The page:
The president of the European Central Bank (ECB) has announced new plans to allow unlimited bond-buying in a bid to lower debt for struggling eurozone countries.
Mario Draghi's new programme revealed on Thursday followed his pledge in July to make every effort to preserve the euro.
Draghi said the move, aimed at the secondary market, would address bond market distortions and "unfounded" fears of investors concerning the survival of the currency.
Addressing a news conference, Draghi said: "Under appropriate conditions, we will have a fully effective backstop to prevent potentially destructive scenarios."
He said the scheme, which aims to focus on bonds maturing within three years, was strictly within the ECB's mandate.
Only one member of the ECB Governing Council, Germany's Bundesbank, opposed the programme.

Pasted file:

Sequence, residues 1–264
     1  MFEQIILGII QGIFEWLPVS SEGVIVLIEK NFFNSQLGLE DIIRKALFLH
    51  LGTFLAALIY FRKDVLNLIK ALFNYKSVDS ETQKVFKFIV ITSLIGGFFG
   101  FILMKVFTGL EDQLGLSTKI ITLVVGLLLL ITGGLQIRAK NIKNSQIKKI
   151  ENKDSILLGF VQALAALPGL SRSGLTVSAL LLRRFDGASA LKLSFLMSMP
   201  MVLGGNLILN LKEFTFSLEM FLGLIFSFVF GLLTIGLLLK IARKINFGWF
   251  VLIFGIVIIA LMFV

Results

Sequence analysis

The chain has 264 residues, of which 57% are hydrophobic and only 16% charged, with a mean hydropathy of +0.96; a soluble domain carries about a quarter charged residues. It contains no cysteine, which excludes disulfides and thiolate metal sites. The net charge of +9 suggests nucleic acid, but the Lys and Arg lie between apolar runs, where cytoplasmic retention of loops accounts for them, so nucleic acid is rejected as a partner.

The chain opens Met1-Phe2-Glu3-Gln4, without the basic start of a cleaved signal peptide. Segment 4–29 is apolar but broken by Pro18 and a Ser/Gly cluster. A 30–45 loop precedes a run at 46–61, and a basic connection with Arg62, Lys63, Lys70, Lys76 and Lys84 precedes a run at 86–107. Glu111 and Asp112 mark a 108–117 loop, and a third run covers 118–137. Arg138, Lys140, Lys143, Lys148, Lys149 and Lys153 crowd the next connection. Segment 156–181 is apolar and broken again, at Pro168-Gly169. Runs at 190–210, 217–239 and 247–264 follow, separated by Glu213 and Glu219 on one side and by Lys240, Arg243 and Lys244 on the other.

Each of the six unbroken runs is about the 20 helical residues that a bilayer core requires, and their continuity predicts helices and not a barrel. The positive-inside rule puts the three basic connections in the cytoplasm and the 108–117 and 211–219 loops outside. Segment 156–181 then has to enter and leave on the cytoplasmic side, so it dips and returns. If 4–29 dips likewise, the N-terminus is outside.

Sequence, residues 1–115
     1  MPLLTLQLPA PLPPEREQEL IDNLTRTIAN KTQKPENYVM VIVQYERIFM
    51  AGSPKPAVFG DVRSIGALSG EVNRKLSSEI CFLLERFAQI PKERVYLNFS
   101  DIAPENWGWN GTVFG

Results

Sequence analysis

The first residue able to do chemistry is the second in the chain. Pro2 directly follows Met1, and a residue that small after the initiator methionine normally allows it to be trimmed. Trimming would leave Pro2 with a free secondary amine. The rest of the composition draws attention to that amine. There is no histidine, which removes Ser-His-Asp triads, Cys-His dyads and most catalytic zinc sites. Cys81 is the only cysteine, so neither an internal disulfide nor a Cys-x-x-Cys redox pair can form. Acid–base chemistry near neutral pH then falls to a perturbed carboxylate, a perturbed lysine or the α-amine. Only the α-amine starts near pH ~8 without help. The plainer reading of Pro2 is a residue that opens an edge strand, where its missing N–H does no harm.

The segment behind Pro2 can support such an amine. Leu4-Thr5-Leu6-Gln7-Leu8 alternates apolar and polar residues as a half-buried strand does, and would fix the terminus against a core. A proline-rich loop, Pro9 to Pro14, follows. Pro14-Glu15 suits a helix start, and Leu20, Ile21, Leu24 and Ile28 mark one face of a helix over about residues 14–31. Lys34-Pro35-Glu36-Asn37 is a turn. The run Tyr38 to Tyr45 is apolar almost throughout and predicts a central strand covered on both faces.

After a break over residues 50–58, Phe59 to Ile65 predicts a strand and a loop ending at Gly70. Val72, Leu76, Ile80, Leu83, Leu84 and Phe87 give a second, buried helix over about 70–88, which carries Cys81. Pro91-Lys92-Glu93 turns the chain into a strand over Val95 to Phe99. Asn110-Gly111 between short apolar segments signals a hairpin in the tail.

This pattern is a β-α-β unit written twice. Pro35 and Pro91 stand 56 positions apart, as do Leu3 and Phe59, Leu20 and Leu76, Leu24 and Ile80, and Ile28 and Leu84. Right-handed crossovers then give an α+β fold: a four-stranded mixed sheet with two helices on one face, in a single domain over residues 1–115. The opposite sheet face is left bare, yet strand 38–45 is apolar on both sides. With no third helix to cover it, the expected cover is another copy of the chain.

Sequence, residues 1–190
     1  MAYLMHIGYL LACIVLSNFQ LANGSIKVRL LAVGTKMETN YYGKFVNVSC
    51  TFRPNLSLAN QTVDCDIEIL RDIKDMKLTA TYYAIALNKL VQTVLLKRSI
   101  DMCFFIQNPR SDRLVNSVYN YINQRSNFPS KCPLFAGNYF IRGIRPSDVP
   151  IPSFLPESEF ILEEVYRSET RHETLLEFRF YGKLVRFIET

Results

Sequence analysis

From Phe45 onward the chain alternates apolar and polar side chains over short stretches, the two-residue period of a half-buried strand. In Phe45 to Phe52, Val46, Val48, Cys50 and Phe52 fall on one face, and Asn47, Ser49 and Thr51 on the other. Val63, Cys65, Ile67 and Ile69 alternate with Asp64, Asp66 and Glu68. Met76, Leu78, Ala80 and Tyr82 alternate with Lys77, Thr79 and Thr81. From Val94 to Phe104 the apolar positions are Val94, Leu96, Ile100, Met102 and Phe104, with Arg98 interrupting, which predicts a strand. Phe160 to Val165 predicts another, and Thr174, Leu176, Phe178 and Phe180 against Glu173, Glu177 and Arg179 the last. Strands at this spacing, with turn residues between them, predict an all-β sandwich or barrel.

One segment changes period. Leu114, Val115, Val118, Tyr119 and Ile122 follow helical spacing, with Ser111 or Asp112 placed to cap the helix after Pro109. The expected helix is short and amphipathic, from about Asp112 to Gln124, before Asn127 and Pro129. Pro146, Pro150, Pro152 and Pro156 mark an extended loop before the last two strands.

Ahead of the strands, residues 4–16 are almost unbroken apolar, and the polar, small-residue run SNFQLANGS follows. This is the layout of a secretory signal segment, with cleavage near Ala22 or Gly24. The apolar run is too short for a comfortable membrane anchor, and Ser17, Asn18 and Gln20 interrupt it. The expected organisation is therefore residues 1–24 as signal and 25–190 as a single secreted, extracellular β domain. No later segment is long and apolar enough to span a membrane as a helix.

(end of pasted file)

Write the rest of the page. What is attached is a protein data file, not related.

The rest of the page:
Investors had been anxiously waiting to hear how decisively the ECB would act to help bring down the borrowing costs of Spain and Italy, following last week’s disagreements amongst policymakers on the plan.
Markets responded favourably to Draghi's plans with eurozone blue chip stocks soaring to 3.2 per cent - levels not seen since March.
Andrew Cox, G10 strategist at CitiFX in New York, said: "The details ... released today add to the credibility of the safety net taking shape in the eurozone and should support demand for eurozone assets."
Pressure on Draghi intensified after an unsubstantiated German newspaper report last week that Bundesbank chief Jens Weidmann had considered resigning over his opposition to bond-buying, although several sources say he has made no such threat and believes in staying at the table to argue his case.
Renewed ECB intervention in the eurozone's bond markets is critical to buying time for governments to come up with a longer-term response to the bloc's debt crisis, which started in early 2010.
The ECB kept its interest rate unchanged on Thursday at 0.75 per cent.